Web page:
Volume 9, Number 5—May 2003
Puumala Virus Infection with Acute Disseminated Encephalomyelitis and Multiorgan Failure
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|EID||Krause R, Aberle S, Haberl R, Daxböck F, Wenisch C. Puumala Virus Infection with Acute Disseminated Encephalomyelitis and Multiorgan Failure. Emerg Infect Dis. 2003;9(5):603-605. https://dx.doi.org/10.3201/eid0905.020405|
|AMA||Krause R, Aberle S, Haberl R, et al. Puumala Virus Infection with Acute Disseminated Encephalomyelitis and Multiorgan Failure. Emerging Infectious Diseases. 2003;9(5):603-605. doi:10.3201/eid0905.020405.|
|APA||Krause, R., Aberle, S., Haberl, R., Daxböck, F., & Wenisch, C. (2003). Puumala Virus Infection with Acute Disseminated Encephalomyelitis and Multiorgan Failure. Emerging Infectious Diseases, 9(5), 603-605. https://dx.doi.org/10.3201/eid0905.020405.|
To the Editor: Hantaviruses, which belong to the genus Hantavirus, family Bunyaviridae, are human pathogens that are prevalent worldwide (1). More than 16 different genotypes or serotypes have been identified (e.g., Puumala, Hantaan, Dobrava-Belgrade, Seoul, Sin Nombre). In western and central Europe, the predominant serotype is Puumala, which causes nephropathia epidemica. Puumala virus (PUUV) is spread by rodents and is transmitted to humans by inhalation or ingestion of food contaminated with rodent excreta (2). Nephropathia epidemica is endemic in western Russia, Finland, Sweden, France, Belgium, Germany, and former Yugoslavia. Reports of serologically verified nephropathia epidemica cases have also been published from Denmark, Norway, the Netherlands, and Austria (3). In Austria, the risk for infection seems to be restricted to special areas in Styria and Carinthia where Clethrionomys glareolus, the reservoir of PUUV in Austria, is endemic. The seroprevalence in Finland is 5% and 1.8% in Austria (4). The most common symptoms of nephropathia epidemica are fever, nausea, vomiting, headache, stomachache, back pain, tenderness in the kidney area, diarrhea or constipation, and red throat (5). PUUV infection may also lead to neurologic symptoms including meningoencephalitis, polyradiculitis, seizures, cerebral hemorrhage, urinary bladder paralysis, and hypopituitarism (6,7).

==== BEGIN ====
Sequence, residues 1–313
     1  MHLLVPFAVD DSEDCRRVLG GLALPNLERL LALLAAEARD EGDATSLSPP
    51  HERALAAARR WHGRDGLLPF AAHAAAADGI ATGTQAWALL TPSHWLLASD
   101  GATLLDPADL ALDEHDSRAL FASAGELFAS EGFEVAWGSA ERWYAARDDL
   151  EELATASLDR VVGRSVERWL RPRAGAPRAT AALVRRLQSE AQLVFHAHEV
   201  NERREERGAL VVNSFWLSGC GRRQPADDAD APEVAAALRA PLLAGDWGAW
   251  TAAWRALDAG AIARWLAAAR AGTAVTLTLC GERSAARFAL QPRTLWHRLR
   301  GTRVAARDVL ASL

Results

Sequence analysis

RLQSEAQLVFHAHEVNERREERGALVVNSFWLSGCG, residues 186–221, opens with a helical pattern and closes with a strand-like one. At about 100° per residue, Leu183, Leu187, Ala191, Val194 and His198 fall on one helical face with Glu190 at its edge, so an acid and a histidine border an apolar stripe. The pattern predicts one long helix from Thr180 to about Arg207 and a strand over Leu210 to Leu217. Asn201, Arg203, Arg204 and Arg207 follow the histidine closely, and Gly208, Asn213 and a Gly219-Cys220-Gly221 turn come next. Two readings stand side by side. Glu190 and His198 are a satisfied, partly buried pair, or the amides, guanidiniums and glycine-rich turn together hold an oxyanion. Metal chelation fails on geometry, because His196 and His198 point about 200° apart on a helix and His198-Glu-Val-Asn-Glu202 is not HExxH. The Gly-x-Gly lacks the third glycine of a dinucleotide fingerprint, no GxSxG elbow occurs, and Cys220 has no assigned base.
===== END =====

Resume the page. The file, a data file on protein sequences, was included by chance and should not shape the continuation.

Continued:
Our patient, a 43-year-old previously healthy man, had a temperature of 39°C and acute abdominal pain. Two days after the symptoms began, he was admitted to a regional hospital where acute renal failure and disseminated intravascular coagulation developed in the next 2 days. The patient was transferred to the Department of Medicine, Karl-Franzens University Graz, for intensive care. The patient worked in a factory, and he hunted in his spare time. A few days before his illness began, he had cleaned up his hut in the forest.